This is a recently-devised term used to describe problems that children may have with motor (movement) co-ordination. It has previously been covered by many other terms such as ‘clumsy child syndrome’, developmental disorder of motor function, motor-learning difficulty, sensory-integrative dysfunction, perseptuo-motor dysfunction and dyspraxia. Dyspraxia may be present as a form of DCD, highlighting an immaturity in the way that the brain processes information. This can affect the organisation of movement as messages to the brain are not being properly or fully transmitted.
DCD is a common disorder amongst children, who may then continue to have difficulties with motor skills and co-ordination into adulthood. Problems with movement and co-ordination may significantly affect an individuals’ ability to perform everyday activities, and associated problems can include a poor attention span, language and perception difficulties, and problems with handwriting.
Children with DCD can take longer to learn and automate fine motor skills (involving both large and small muscle groups) and with hand-eye co-ordination. Activities such as riding a bike, playing ball games, and dressing may be a problem, and this can be challenging for both parent and child, affecting the way in which they interact and develop at home and at school.
DCD may become evident when a child fails to achieve certain developmental milestones, or problems may become more obvious at school, when a child is expected to perform higher-level functional activities, or is required to concentrate in class. At school, this may affect the way in which they play and interact with their peers, and / or how they perform in class. This may lead to low self-esteem, isolation, problems with making friends and, unfortunately, may encourage the child to give up sport or academic pursuits prematurely.
Symptoms and their severity vary from child to child, though each usually has difficulties with one or more types of motor skills. Signs and symptoms can include:
- Altered muscle tone at rest
- Difficulties in moving smoothly
- Developmental delay in reaching particular milestones e.g. crawling, walking, speaking
- Difficulties with co-ordination of walking and running
- Problems learning how to get dressed, tie shoelaces, etc
- Tripping and falling frequently into objects
- Difficulties with holding a pen, forming symbols, copying things down from the board at school, etc
- Problems concentrating, sitting still, writing stories, etc
- A dislike of sports and P.E. at school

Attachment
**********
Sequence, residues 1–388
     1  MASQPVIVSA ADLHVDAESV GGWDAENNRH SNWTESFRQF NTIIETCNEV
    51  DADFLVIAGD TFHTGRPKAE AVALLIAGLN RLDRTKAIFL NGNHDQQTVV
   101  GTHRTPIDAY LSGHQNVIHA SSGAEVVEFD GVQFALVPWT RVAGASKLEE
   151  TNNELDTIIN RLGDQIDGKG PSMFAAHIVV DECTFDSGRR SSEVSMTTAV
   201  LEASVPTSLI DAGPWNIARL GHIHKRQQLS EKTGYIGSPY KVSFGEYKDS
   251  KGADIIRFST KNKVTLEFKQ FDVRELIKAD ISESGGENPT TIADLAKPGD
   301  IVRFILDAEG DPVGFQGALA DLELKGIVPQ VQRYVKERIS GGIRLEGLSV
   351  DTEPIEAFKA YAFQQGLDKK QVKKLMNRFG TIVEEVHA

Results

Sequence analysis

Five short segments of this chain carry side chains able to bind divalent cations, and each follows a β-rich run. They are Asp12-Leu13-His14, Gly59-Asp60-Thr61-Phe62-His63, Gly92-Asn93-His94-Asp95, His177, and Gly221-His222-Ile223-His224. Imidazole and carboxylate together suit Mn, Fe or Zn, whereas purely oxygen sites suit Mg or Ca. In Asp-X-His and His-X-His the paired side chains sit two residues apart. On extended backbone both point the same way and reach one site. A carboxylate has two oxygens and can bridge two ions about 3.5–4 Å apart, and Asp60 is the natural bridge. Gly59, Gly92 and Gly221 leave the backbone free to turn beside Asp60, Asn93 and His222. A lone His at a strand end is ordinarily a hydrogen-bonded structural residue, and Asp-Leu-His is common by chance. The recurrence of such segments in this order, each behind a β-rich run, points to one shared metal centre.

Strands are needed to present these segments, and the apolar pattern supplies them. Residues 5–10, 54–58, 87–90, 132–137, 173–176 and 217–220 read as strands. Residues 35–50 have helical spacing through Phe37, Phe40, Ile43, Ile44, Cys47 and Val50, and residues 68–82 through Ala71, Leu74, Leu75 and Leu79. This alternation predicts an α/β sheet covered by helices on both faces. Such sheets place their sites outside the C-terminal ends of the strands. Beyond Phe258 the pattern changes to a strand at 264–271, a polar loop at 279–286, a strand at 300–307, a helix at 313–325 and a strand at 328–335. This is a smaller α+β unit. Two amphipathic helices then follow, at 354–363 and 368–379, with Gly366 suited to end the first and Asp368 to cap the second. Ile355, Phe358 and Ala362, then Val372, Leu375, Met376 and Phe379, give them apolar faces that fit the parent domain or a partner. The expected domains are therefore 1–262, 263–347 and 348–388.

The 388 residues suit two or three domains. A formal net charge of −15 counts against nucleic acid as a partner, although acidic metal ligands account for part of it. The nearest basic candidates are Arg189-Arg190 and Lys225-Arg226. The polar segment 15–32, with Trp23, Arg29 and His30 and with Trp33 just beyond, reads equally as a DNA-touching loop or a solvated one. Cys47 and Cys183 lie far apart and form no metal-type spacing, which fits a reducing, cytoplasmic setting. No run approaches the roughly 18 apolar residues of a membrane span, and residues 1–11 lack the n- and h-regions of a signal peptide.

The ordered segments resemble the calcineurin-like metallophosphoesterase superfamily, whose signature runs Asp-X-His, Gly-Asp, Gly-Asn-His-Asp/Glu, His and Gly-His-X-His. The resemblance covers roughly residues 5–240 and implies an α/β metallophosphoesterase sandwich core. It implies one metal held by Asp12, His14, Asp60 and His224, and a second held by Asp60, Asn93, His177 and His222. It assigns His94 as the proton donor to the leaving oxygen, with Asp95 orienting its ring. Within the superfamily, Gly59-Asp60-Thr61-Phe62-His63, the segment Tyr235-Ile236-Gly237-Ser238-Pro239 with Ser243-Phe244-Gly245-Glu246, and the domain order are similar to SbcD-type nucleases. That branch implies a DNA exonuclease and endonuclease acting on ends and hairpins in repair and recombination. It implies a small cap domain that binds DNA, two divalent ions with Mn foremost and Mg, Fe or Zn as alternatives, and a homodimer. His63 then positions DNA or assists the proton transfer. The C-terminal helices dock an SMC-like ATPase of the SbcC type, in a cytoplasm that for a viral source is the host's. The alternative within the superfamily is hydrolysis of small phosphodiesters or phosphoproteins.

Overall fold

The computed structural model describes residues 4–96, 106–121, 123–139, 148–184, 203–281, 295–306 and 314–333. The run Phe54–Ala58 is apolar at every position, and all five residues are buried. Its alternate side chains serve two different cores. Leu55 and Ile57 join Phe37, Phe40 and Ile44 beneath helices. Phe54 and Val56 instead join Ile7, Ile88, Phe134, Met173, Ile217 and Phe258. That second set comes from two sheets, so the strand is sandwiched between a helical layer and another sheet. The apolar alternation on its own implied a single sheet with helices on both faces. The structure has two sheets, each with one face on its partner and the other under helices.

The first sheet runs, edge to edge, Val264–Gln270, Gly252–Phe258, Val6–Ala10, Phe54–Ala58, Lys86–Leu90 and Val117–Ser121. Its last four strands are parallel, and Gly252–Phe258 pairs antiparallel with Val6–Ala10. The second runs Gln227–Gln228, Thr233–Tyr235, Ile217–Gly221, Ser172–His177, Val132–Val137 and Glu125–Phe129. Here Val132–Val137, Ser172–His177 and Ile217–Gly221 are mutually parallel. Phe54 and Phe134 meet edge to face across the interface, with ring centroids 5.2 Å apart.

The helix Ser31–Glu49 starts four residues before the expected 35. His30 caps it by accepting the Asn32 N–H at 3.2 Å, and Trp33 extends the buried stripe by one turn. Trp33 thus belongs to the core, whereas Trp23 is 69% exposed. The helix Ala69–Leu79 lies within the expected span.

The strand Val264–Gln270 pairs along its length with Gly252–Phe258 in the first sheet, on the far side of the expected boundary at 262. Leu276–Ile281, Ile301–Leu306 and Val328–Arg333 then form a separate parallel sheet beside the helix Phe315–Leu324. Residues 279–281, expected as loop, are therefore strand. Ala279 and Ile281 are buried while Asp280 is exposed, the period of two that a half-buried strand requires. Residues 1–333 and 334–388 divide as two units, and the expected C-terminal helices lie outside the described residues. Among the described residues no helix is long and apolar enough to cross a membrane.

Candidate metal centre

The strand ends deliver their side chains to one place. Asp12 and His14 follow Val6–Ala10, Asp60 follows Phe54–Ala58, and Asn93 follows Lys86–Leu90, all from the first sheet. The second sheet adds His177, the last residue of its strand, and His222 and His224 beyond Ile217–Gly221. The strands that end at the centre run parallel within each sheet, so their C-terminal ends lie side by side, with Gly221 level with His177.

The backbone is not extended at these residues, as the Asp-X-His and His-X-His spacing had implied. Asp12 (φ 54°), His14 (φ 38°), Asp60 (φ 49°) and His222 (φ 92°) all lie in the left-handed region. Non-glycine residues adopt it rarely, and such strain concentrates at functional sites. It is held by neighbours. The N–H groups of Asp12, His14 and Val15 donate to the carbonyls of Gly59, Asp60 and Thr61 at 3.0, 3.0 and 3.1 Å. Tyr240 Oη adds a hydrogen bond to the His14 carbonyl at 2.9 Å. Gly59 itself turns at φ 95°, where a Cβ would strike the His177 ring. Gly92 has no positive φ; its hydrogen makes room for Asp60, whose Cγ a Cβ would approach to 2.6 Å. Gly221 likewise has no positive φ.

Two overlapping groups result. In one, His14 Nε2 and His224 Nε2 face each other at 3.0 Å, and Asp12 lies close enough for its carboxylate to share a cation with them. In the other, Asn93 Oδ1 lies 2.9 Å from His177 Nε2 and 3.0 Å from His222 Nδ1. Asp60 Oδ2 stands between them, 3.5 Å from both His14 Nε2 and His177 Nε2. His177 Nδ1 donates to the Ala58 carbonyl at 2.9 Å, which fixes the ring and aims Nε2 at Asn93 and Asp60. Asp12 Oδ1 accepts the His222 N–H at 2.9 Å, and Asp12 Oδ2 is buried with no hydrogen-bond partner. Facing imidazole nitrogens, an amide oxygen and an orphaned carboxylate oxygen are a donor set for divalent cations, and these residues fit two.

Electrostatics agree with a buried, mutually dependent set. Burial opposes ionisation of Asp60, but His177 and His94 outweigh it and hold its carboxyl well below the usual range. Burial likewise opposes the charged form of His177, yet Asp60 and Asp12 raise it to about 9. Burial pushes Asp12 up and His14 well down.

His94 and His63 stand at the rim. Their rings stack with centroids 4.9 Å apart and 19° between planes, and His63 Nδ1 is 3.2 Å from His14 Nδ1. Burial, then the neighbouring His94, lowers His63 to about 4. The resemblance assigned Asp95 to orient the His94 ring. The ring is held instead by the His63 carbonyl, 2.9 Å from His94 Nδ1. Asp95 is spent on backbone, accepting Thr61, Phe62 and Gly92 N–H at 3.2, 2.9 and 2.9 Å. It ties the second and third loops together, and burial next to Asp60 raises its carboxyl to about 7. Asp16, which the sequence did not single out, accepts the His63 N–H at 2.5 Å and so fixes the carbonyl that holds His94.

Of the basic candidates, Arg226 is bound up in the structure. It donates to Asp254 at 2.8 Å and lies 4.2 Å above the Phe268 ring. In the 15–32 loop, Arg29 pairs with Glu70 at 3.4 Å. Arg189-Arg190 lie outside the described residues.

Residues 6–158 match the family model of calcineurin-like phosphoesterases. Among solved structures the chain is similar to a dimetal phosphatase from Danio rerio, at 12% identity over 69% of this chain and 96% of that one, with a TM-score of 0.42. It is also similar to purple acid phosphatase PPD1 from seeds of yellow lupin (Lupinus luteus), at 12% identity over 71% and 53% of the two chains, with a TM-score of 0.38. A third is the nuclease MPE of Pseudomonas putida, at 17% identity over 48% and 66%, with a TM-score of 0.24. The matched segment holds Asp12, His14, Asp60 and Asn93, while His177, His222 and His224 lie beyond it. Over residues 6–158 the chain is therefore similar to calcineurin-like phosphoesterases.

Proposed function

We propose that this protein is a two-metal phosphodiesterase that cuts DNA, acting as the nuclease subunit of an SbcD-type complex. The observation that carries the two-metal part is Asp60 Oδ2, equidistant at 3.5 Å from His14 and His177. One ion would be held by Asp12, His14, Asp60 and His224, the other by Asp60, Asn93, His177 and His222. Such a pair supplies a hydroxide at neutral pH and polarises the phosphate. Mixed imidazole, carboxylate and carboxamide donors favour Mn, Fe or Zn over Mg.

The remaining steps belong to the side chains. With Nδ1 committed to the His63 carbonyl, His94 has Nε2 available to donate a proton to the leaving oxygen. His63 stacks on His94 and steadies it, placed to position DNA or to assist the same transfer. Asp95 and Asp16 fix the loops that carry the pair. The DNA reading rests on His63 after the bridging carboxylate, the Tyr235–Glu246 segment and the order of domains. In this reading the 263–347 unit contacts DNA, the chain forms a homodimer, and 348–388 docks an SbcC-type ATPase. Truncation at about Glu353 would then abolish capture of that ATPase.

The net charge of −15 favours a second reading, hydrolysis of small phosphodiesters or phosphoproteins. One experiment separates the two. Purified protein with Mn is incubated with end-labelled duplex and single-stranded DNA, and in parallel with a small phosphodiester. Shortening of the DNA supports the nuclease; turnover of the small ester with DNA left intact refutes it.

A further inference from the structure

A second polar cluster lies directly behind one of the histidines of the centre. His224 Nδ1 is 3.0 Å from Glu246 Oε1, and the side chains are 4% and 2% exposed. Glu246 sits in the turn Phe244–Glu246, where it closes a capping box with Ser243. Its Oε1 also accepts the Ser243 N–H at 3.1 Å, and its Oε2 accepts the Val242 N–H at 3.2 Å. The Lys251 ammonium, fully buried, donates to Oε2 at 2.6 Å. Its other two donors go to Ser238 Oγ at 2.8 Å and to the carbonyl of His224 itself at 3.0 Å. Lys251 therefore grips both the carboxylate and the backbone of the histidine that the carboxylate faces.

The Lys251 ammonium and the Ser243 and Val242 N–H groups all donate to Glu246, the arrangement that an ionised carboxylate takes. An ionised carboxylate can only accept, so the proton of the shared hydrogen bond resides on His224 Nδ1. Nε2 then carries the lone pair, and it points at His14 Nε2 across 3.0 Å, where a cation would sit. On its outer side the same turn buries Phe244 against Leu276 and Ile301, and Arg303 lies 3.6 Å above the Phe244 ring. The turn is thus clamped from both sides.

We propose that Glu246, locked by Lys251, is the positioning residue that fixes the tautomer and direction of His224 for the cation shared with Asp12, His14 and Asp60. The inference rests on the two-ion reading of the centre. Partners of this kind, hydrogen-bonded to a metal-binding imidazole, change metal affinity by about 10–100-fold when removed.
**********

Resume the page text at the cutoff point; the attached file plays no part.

- Difficulties organising oneself and remembering instructions, and frequently losing things
Dyspraxia may occur alongside other problems such as ADHD (Attention Deficit Hyperactivity Disorder) and dyslexia.
Our Specialist Paediatric Physiotherapist can assess your child to determine the nature of their difficulties and how these are affecting their behaviour and function. Having identified any problems and needs, a suitable physiotherapy programme would then be discussed, and the appropriate therapy options recommended to you. If required, we can liaise with your GP, any other health professionals and your child’s school teachers, and we can also provide specific training and support at school as appropriate.
A physiotherapy programme for DCD will vary depending upon each child’s individual presentation and needs. It may combine a variety of rehabilitation approaches in order to address the different aspects of their particular DCD. Rehabilitation may involve breaking down specific problem tasks into their component parts (to learn in stages), balance and co-ordination exercises, and skill-based activities that develop confidence and are transferable to the playground or classroom. Whichever approach is adopted it is essential that rehabilitation is individually tailored and also important that your child enjoys their physiotherapy sessions in order for them to develop new skills more effectively.
Please do get in touch with one of our team if you have any further questions about any of the services that we offer, or if you are concerned that your child may have dyspraxia or DCD and would like to discuss your child’s difficulties with us. We would be happy to talk to you about your concerns, and we can provide advice and reassurance over the telephone if this is all that is required. However, if you would like, we can arrange an assessment of your child, at a location that is convenient to you. This may be based within one of our designated clinics or, if it is more appropriate, at your home or at your child’s school.
Evidence shows that early intervention can dramatically improve the ability and performance of a child with dyspraxia or DCD, altering the way in which the condition plays out in adulthood, and improving their quality of life both now and in the future.
To arrange an appointment or to speak to one of our team, please contact our Clinical Director Sarah Joice on 07908 684441. You can also email us at firstname.lastname@example.org